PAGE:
Tim Richmond

Sunday, 20 February 2011

Tim Richmond
Days of Thunder: Tim Richmond: To the Limit

“I’m more afraid of being nothing than I am of being hurt.” Officially, those are the words of Cole Trickle, as written by Robert Towne and as delivered by Tom Cruise in the auto racing flick Days of Thunder. In spirit, though, they are the words of Tim Richmond. A fearless driver who became one of the best racers on the NASCAR circuit under the guidance of a crusty crew chief, Richmond was the flamboyant real-life character upon which Cruise’s Trickle was loosely based. But Days of Thunder isn’t Richmond’s story.

Not by a long shot. Richmond was confident, talented and brash, and, appropriately enough, he had a Hollywood icon’s sense of the spotlight, but his life wasn’t blessed with the stereotypical Hollywood ending. Just when Richmond was beginning to show his potential for legendary greatness, he died at the age of 34. What killed him wasn’t overconfidence on the racetrack but ignorance off of it. Richmond fell victim to something he didn’t think he needed to fear: sex. ( Read Tim Richmond more... )

Will time away from the track hurt Brian Vickers?

In 2010 Brian Vickers season ended prematurely due to blood clots in his legs and around his lungs. He only raced in eleven races before his health condition sidelined him for the rest of the year.

The question Fantasy Racers are wondering is, will his extended absence hurt him? The obvious answer to that question is absolutely not. Why would it hurt him?

Brian Vickers health issue was an internal issue, not an outward physical condition. When you see him on the track he will not be nursing any broken bones or be suffering a psychological setback of being afraid to put his car in certain situations. ( Read Tim Richmond more... )

NASCAR showman the focus of documentary on ESPN

NASCAR fans will not want to miss ESPN’s 30 for 30 documentary – Tim Richmond: ToThe Limit

In the 1980s, U.S. racing car driver Tim Richmond lived his life the way he raced cars – wide open. Born into a wealthy family, Tim Richmond was the antithesis of the typical Southern, blue-collar, dirt-track racers who dominated NASCAR. Nicknamed “Hollywood”, he was a flamboyant showman who basked in the attention of the media and fans, especially the attention of female admirers.

But it was Richmond’s on-track performances that ended up drawing comparisons to racing legends and in 1986, when he won seven NASCAR races and finished third in the Winston Cup series points race, some believed he was on the verge of stardom. When he unexpectedly withdrew from the season-opening Daytona 500 in February 1987, media reported that he had pneumonia. In reality, the diagnosis was far more dire: he had AIDS. Richmond returned to the track in 1987, but he was gone from the sport by the next year as his health deteriorated. He spent his final days as a recluse, dying on August 13, 1989, at the age of 34. ( Read Tim Richmond more... )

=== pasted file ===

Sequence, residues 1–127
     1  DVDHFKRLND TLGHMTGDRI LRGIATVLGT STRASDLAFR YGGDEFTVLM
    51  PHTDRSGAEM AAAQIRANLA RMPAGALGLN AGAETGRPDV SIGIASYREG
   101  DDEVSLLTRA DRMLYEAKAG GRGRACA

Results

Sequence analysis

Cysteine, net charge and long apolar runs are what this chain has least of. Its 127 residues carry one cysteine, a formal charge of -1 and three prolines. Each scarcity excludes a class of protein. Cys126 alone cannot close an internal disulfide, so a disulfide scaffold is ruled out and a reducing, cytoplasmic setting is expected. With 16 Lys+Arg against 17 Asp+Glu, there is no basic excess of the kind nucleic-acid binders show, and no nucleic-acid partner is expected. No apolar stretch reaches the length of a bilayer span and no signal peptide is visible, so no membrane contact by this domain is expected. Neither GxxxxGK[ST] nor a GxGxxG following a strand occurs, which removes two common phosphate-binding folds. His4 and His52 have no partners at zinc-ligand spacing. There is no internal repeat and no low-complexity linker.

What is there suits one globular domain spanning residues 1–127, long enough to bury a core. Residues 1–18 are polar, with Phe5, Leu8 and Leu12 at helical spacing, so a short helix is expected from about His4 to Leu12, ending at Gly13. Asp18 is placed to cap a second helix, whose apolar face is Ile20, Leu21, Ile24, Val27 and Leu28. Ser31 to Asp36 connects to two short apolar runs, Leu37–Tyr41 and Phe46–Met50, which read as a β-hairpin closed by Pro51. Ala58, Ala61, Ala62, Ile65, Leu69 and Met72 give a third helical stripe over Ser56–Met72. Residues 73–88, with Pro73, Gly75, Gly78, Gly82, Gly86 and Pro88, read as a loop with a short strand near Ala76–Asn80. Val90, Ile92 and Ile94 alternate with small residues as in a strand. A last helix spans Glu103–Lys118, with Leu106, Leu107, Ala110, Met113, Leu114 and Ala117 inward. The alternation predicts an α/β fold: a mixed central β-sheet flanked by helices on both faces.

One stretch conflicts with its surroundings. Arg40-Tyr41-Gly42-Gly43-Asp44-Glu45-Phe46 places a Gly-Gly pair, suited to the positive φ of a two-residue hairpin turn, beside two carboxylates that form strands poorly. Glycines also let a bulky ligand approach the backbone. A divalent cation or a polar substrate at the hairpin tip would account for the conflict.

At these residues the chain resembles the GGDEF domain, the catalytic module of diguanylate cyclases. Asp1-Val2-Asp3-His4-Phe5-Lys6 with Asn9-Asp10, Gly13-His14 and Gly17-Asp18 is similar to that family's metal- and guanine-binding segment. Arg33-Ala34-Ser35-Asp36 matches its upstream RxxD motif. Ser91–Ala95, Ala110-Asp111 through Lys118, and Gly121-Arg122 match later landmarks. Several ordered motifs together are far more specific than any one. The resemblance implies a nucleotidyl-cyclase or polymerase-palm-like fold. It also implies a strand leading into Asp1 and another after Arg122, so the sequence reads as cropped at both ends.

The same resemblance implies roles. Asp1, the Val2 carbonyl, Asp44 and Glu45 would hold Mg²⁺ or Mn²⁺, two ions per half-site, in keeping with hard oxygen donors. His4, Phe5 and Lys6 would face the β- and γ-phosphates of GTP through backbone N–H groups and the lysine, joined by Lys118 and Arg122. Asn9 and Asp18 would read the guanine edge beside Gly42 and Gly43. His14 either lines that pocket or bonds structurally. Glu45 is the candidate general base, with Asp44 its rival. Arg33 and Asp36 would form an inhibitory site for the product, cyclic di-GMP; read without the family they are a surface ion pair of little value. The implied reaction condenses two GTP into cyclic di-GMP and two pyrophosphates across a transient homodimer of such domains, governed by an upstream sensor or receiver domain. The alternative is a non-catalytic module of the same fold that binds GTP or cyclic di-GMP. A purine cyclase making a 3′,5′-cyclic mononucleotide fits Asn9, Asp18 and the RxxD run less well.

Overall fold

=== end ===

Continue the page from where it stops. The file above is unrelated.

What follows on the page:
Local NASCAR fan, collector ‘at whole new level’


Mike Rogers has no trouble remembering when he became a fan of NASCAR racing.

The year was 1979, the race was the Daytona 500 — the first televised live in its entirety — and it ended with leaders Donnie Allison and Cale Yarborough wrecking on the final lap and then fighting over it.

“That’s what got me hooked,” Rogers said. “That got me hooked stupid.”

Don’t believe it?

The 55-year-old Lee Center fan has a NASCAR collection to prove it, a most impressive man cave with a bar, pool table, four televisions and walls lined bumper-to-bumper with thousands of die-cast race cars. ( Read Tim Richmond more... )

The Gaytona 500

Montreal stock-car racing legend Dick Foley was not just the first Canadian to race in the Daytona 500, back in 1959, but Foley also inadvertently caused the biggest pile-up in NASCAR history at Daytona Speedway the following year.

After losing, then regaining, control of his Chevy Impala - the words "Montreal, Canada" painted on his fenders - Foley spun out into the infield. Thirty-seven cars (in a record 73-car field) behind Foley weren't so lucky, crashing in a spectacular demolition derby that you can still see by surfing to www.youtube.com/watch?v=5Eb3Sf6Kf1I.

Stock-car racing's storied bootlegging past, car crashes and stunts - one driver was even offered $1,000 cash to race without a roof in Daytona's 1959 inaugural race - established NASCAR as a macho club of good ole boys, thrill-seekers and speed demons. ( Read Tim Richmond more... )

Countdown to the Daytona 500: NASCAR Number 11

We are counting down the days until the season-opening Daytona 500 on Feb. 20. Each day we are highlighting a number that corresponds to the countdown number. Wednesday's number: ( Read Tim Richmond more... )

Courtesy : The Cooler , On Pit Row , ESPN Media Zone , Uticaod , Hour.Ca & Sporting News

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